There is so much to say about this gorgeous, medieval town in Brussels. But I believe the best way to tell you about it is to let her speak for herself.
So here are some pictures of my trip to Brugge in February
Brugge is a very touristy city. Who can blame them? It’s really charming… AND the World Capital of Chocolate.
I read before arriving that in the 1800’s the people from the city decided to hire architects to give their hometown a “revival” of the medieval buildings to attract more tourism. Well they surely succeeded in this task. The city receives hoards of tourists every day. This can get crowded in summer but during winter (when I visited it) it was bearable.
Brugge was gray that day, but it didn’t make me feel sad. To the contrary it gives the town a mysterious atmosphere and makes it even more magical.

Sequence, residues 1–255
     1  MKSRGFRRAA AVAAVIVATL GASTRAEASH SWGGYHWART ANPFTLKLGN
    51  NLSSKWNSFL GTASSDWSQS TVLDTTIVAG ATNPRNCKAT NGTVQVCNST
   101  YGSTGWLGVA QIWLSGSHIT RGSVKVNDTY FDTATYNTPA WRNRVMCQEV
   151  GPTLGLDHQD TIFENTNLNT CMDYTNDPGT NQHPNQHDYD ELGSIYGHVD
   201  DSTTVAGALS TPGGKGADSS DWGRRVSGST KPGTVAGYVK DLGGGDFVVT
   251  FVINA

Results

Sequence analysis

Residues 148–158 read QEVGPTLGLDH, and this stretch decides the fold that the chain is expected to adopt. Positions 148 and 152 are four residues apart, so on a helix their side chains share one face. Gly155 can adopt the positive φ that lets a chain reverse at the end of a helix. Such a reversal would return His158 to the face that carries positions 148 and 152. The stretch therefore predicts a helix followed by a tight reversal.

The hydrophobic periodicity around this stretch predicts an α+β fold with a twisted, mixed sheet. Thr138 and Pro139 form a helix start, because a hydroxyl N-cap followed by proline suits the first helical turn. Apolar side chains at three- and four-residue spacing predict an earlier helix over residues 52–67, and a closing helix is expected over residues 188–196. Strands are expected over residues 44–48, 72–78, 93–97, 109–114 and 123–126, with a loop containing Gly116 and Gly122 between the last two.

After a few long circles around the Old Town I started thinking about lunch but I had a hard time finding a place since everything seemed too expensive, or too touristy or too not-Belgian.
I started to give up and head to the burgers and fries stand in the main square when I saw it like a devine apparition: a local, small and cozy fantastic Soup and Sandwiches place. Run by two sweet Belgian girls who cook, serve and smile at you while doing all this. I had a lentil soup and a eggplant hot panini. It was perfect. The lunch deal also included bread and fruit, and it was less than 10 Euros. A real gem.
How to get there?
If you are in Brussels on a weekend and want to visit Brugge buy the Weekend return ticket at Brussels train stations. The ride is about 1 hour.
It cost about 15 Euros (Feb 2017) and is a round trip to and from Brussels, it can be used from Friday at 7pm to Sunday at 7PM. So if you want to spend a night or two in Brugge you can come back on Sunday with with ticket to Brussels, or you can go for a day trip like I did.
Have your camera ready because Brugge is Picture Perfect!